DIFFERENCES BETWEEN MEDICAID AND MEDICARE

Healthcare services are vital part of society. They provide necessary care to those who are sick and preventative services so people can stay in optimum health. Many Americans receive healthcare coverage for themselves and their families through an employer. However, not every family is offered private health insurance, and many families are unable to afford healthcare. Low-income individuals need access to healthcare benefits in order to stay healthy. Medicaid and Medicare are two health coverage programs that provide low-income individuals and families with the healthcare they need.

Medicaid is a state and federally-funded healthcare program that provides healthcare coverage and assistance to needy individuals and families. People of all ages qualify for Medicaid, from newborn babies to senior citizens. Benefits under Medicaid healthcare coverage include access to doctor visits, prescription drugs, lab tests, x-rays, hospital care, eye care, vision care, dental care, and rides to healthcare appointments as need. To qualify for the program, an individual or family must meet a certain income requirement, unless the individual has a disability. Participants do not have to pay for any healthcare expenses covered by the program. Those who do not meet the income requirements and choose to “buy-in” to the Medicaid program are required to pay a monthly fee for insurance and co-pays may be required for medical services. Medicaid is run by state governments that follow federal guidelines.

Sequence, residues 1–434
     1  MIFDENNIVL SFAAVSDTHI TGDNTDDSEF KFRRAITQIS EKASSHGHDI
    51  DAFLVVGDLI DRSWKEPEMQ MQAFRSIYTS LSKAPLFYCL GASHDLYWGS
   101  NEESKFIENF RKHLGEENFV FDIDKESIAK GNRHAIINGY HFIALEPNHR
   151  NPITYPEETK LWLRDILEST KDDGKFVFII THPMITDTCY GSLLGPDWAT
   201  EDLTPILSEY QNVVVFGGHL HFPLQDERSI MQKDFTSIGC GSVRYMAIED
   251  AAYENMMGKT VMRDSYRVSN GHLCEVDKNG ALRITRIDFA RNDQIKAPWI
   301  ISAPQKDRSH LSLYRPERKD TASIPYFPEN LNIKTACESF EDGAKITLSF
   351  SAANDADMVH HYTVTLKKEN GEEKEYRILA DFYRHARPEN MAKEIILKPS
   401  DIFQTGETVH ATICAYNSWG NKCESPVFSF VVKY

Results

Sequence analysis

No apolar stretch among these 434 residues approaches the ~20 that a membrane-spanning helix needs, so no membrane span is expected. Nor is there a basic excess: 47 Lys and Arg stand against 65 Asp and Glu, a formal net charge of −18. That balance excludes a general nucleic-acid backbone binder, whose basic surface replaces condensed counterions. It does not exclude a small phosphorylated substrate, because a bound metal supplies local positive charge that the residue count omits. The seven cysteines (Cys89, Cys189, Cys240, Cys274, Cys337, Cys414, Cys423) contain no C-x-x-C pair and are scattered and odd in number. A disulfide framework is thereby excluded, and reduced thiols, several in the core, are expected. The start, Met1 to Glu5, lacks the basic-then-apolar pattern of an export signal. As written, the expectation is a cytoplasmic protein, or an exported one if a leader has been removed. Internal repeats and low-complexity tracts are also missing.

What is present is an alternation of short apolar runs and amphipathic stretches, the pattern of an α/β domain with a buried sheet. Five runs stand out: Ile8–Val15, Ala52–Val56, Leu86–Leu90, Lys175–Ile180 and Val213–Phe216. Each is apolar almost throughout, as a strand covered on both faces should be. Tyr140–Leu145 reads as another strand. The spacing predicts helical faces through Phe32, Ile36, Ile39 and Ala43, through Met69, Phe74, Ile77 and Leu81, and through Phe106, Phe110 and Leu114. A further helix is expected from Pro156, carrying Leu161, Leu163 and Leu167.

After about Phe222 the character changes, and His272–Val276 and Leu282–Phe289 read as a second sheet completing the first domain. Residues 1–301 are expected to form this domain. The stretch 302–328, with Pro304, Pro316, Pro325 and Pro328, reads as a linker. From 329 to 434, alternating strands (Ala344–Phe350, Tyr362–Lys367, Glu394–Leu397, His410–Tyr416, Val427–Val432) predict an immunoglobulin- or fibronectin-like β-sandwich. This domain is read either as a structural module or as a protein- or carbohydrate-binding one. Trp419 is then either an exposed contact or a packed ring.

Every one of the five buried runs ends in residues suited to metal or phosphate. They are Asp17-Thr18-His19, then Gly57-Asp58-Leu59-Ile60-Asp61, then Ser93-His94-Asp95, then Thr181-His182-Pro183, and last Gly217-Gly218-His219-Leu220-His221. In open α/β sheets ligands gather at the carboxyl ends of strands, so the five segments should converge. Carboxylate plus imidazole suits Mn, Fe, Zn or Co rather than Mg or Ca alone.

Medicare is a federal health insurance program for senior citizens that are 65 years of age or older. Younger people with disabilities or individuals on dialysis may also qualify for the Medicare program. There are several different components to Medicare health coverage that provide senior citizens with necessary health services. Medicare Part A covers hospital care, nursing home care, and hospice care. Medicare Part B covers doctor visits, outpatient care, necessary medical supplies, and preventative care. Medicare Part C is provided by an outside, private healthcare company that works with Medicare to provide participants with all the healthcare services offered in Medicare Part A and Part B. Medicare Part D involves coverage of necessary prescription drugs. Participants are required to pay premiums for Medicare coverage, unless an individual receives Social Security benefits. If an individual receives Social Security benefits, Medicare is then paid for through their Social Security benefit funds that he or she has accumulated through working and paying taxes.

Medicaid and Medicare are both healthcare programs that are offered to people that do not have health insurance and need coverage in order to access necessary health services. Although the two programs have key differences, the goal they share is to produce healthier individuals, families, and communities. Medicaid and Medicare provide those in need with the necessary tools to a healthier life and a brighter future. These programs allow low-income and disabled individuals to thrive, with a focus on healthy living, preventative care, and access to the healthcare services needed in order to stay well.